In a video recorded just before they were arrested by the National Investigation Agency on Monday, Sagar Gorkhe can be heard saying that the agency had asked him and fellow Kabir Kala Manch member Ramesh Gaichor to give confessions that they are linked with Maoists and if they do so, they will be spared arrests. They said they refused it. “Hum log Savarkar ki auladen nahi hain ki maafinama likh ke de. Hum Ambedkar ki auladen hain..” (We are not descendants of Savarkar to tender an apology. We are descendents of Ambedkar)
He continues in the clipping that through their confessions the NIA wants to show that the Elgaar Parishad was linked with Maoists, which it is not. “We will not let that happen,” he says and appeals to the public to raise its voice against witch-hunt of activists persecuted in the case.
The NIA said in a press release after their arrest that Kabir Kala Manch is a frontal organization of the CPI(Maoist) and the three - Gorkhe, Gaichor and Jyoti Jagtap (Gaichor’s partner who was arrested the following day) are its members and had gone to Gadchiroli’s jungles for weapons and explosives training and programmes on the Maoist movement.
Rupali Jadhav, 33 - Gorkhe’s partner, also a member of KKM since 2009 says about the allegations, “Whoever is radical, questions the government, they (the state) call a part of a frontal organization of Maoists. But our constitution gives us freedom of speech and expression and of protest.”
Kabir Kala Manch - a cultural troupe formed in 2002 after the Godhra riots, confronts issues of caste, class, gender inequalities through street plays, protest poetry and songs. “This is to put a stamp on us that we are Naxalwadi. The media is also running the news that the police are giving them,” she says. She questioned the timing of the arrests. The NIA announced the arrests on 8 September - the same day that Rhea Chakraborty was arrested and the media was full of the news. Gorkhe and Gaichor were arrested a day earlier.
She feels these arrests - coming 32 months after the Elgaar Parishad - Bhima Koregaon incident of Dec 2017-Jan 2018, are because the agency is unable to find anything against the accused. “They want us to confess links we don’t have because one day they will have to apologise for the game they are playing without any evidence,” she says.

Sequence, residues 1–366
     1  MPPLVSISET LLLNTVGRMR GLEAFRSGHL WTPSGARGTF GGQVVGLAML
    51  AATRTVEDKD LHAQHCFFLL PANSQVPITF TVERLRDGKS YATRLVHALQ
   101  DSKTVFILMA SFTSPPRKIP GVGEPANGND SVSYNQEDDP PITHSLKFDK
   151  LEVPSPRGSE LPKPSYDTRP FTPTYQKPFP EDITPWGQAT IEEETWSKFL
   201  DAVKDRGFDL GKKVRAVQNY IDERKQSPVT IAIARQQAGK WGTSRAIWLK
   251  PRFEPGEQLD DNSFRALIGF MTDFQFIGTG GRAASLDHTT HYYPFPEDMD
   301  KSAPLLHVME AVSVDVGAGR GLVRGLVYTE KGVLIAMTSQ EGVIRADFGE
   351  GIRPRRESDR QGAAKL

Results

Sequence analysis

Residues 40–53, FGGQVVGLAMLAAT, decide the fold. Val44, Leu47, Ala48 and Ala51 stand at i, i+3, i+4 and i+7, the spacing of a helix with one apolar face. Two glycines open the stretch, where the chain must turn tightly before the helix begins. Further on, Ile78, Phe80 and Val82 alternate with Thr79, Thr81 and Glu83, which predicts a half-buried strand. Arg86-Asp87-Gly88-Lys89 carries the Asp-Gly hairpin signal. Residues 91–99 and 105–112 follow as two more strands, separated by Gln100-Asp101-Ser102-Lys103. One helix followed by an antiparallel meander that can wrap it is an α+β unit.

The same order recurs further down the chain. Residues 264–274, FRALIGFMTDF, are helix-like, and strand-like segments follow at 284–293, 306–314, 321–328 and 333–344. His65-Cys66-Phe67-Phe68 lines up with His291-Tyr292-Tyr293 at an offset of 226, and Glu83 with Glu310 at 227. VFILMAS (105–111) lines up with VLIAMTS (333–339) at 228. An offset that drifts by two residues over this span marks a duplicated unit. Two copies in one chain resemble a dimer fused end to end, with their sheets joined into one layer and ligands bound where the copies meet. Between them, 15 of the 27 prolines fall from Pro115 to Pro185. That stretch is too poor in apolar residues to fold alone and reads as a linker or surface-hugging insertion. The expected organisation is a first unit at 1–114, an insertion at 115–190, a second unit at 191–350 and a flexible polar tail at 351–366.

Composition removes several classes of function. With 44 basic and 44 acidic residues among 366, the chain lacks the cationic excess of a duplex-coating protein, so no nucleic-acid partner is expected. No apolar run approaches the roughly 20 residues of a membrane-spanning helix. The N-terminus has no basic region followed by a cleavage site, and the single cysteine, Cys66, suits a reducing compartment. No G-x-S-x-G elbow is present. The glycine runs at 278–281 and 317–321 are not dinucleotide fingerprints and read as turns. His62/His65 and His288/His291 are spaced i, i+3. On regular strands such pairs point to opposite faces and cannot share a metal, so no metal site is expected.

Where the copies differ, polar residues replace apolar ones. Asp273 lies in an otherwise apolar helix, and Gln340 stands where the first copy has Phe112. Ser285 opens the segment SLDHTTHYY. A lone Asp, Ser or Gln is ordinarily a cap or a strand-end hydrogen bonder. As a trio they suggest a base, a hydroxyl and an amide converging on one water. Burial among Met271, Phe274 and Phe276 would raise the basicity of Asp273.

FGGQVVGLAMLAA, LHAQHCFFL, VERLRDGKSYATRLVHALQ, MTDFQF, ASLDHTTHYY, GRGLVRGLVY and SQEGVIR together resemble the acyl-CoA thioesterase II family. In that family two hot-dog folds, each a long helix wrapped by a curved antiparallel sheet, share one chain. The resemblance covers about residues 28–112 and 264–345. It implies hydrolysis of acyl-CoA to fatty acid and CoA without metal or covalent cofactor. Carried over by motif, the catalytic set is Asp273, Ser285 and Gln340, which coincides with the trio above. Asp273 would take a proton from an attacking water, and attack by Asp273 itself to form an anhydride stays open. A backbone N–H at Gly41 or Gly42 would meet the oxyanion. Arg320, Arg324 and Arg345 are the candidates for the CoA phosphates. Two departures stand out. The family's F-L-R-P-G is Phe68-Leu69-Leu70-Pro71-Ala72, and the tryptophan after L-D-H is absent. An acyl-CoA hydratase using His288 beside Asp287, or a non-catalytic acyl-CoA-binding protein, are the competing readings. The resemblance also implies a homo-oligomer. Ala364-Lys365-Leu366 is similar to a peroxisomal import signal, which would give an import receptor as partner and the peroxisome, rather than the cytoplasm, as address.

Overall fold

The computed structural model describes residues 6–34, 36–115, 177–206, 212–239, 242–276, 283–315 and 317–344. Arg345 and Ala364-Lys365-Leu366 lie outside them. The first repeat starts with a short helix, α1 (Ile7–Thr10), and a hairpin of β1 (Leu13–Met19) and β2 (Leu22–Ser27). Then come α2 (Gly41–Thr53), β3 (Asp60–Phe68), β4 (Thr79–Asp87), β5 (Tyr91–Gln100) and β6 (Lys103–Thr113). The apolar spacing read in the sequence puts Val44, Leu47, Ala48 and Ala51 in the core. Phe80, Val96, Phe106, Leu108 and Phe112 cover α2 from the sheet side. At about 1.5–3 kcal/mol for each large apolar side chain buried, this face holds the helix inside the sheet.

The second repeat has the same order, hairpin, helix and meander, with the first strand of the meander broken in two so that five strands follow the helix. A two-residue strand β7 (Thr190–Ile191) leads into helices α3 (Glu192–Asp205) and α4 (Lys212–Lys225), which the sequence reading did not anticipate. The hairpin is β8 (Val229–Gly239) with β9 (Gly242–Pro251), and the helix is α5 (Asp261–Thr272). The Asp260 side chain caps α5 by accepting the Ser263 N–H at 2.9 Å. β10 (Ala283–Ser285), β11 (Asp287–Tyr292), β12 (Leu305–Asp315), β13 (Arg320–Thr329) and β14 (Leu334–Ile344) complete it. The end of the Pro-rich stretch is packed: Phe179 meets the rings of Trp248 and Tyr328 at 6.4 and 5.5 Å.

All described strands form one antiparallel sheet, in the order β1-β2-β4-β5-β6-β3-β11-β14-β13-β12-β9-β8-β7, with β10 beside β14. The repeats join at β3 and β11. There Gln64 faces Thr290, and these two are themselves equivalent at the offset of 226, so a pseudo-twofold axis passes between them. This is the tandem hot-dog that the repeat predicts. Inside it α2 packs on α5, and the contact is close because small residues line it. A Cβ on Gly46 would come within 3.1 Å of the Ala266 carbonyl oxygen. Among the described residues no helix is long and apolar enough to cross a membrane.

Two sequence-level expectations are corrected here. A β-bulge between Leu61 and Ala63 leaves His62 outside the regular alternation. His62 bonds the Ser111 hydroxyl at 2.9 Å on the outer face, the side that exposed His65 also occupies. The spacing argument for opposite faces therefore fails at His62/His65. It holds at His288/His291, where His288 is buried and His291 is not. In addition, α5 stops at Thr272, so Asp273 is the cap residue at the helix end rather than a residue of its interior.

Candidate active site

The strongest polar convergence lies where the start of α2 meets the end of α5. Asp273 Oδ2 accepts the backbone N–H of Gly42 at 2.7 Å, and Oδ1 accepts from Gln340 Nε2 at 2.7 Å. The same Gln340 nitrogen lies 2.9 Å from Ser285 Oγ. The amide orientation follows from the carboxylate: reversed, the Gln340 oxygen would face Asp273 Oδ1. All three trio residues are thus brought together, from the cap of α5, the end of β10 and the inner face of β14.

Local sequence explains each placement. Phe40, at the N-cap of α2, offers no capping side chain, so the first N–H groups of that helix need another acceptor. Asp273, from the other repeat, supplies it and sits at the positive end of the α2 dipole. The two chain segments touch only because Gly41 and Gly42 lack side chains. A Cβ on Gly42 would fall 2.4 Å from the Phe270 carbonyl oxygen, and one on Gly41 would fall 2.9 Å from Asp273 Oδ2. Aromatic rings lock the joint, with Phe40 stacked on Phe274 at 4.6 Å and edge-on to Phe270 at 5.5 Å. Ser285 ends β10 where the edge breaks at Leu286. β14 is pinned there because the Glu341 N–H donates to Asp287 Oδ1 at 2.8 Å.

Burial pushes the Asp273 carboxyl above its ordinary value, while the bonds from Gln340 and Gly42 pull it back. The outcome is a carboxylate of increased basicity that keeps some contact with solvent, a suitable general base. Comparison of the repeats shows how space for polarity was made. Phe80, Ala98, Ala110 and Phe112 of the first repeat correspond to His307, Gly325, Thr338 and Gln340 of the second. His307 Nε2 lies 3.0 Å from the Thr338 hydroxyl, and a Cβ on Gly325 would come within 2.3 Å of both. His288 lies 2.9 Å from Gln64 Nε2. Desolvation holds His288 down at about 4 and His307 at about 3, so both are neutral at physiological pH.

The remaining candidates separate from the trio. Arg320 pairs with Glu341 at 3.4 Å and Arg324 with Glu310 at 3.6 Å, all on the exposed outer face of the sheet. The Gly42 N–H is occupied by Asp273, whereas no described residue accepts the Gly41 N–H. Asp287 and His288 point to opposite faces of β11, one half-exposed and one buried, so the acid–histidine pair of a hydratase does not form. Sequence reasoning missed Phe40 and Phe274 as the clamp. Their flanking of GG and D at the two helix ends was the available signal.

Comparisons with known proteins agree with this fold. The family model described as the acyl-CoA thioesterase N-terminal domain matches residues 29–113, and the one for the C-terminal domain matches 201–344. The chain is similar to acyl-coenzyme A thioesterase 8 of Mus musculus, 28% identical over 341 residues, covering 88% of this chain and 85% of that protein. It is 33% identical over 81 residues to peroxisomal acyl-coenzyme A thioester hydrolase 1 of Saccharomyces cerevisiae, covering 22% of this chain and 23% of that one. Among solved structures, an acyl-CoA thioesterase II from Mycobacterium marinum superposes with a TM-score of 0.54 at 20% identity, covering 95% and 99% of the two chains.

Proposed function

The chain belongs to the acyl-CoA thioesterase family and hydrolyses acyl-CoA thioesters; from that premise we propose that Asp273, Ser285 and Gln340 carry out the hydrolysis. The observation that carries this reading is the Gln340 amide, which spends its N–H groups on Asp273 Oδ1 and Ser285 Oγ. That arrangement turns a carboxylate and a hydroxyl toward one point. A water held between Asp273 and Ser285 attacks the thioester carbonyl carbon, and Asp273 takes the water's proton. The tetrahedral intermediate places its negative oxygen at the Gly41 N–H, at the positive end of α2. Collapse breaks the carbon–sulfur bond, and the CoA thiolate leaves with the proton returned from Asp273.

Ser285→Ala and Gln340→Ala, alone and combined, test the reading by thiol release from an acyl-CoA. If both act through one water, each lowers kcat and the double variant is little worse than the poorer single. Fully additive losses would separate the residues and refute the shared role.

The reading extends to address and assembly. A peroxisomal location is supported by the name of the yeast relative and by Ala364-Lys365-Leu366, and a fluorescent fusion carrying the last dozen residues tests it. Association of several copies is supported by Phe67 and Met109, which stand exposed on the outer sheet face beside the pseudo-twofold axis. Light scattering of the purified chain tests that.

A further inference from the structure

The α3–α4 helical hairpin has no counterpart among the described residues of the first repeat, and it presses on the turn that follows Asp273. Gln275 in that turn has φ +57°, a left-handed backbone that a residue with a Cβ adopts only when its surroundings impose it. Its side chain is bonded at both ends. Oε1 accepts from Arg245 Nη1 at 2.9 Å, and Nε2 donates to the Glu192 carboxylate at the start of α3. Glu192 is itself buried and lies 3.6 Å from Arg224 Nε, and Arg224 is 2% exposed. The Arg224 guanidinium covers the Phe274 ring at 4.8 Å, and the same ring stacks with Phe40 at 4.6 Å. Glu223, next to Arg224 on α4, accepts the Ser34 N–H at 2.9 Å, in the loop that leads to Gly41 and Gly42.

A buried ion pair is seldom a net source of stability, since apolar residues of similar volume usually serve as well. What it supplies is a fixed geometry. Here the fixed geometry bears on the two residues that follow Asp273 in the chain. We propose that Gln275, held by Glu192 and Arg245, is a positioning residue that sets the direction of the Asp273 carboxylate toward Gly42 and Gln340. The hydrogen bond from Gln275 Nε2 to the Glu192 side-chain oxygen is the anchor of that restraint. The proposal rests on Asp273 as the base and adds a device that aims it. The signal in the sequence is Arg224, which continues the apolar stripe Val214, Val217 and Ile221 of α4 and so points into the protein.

Gorkhe, 33 and Gaichor, 36 have already spent around four years in prison between 2013 and 2017, before the Supreme Court granted them bail in another Naxal case. The ATS had arrested two KKM members in 2011 charging them with offences under the Unlawful Activities (Prevention) Act (UAPA). For two years thereafter, many members of KKM had gone underground. The trio and Jadhav had surrendered in 2013 before the Mantralaya. Speaking about that case, Jadhav says, “They have not managed to get a single evidence in that case in ten years and want to trap us in yet another case with bigger allegations.”
At a time of pandemic which prisoners are being released, she questioned why the arrests needed to happen now. Gorkhe and Gaichor had been called five to six times for questioning and were attending the agency’s summons, she says. When there are restrictions on assembly and people cannot protest on the streets the time is indeed ideal. “At least for the sake of humanity they could be arrested after the pandemic’s threat is over, but they will be happy if any of these activists die of the infection,” she says.
Jyoti Jagtap was arrested by the ATS and not the NIA and due procedure of giving notice was not followed she says. But the NIA in its press release had been silent about the former’s role in the arrest. Describing the dramatic chase in which Jyoti was nabbed, Jadhav says Jyoti was on her way from Pune to Mumbai to meet her, when her vehicle was chased by four persons. At a signal in Gultekdi, a woman officer entered the vehicle and informed her that she was under arrest. “Hum kya chor-chakaar hain ki aise arrest kiya (are we common criminals they arrest that way),” she asks.
Jyoti had studied a course and wanted to start a counselling centre. Jadhav herself, a dalit, is studying as well as doing a small-time business to support expenses. “We are all from poor backgrounds,” she says of KKM members - most of whom are from dalit and OBC communities.
Jadhav was among the 121 Indian human rights activists, lawyers and journalists who had been the target of the Pegasus spyware attack on their phones in 2019. “I was using the same phone for long. Rs. 10,000 - Rs. 15,000 is not a small amount,” she says. An organisation has got her a new phone now.
In the Elgaar Parishad conclave held on 31 Dec, 2017, over 250 progressive organisations had came together to commemorate the 200th anniversary of the victory of Dalit soldiers of the British army over the Peshwa rulers in the battle of Koregaon-Bhima.
“Marathas, Bahujans, Muslims, Dalits, Adivasis had come all together. Muslims were serving water there. We had taken an oath not to let the RSS win. That hurt them (the hindutva forces) a lot,” Jadhav says. The event was supposed to give a positive boost to all the progressive movements, but the state has fixed Naxalwadi label on it, she says. “They (the agencies) are asking about its funding - that it was funded by Maoists. Hum ne jholi failayi thi (We had requested donations at the event) and people contributed small amounts - Rs. 10, Rs. 20. Half the expense was settled there itself,” she says.
Why is no one talking about Milind Ekbote and Sambhaji Bhide, she asks - the Hindutva leaders against whom an FIR was filed for the Bhima Koregaon riots by a victim. Jadhav says, “KKM, Elgaar Parishad are being made scapegoats to save Bhide and Ekbote. Actually not to save them - to save Hindutva ideology. The arrests raise a question on democracy.”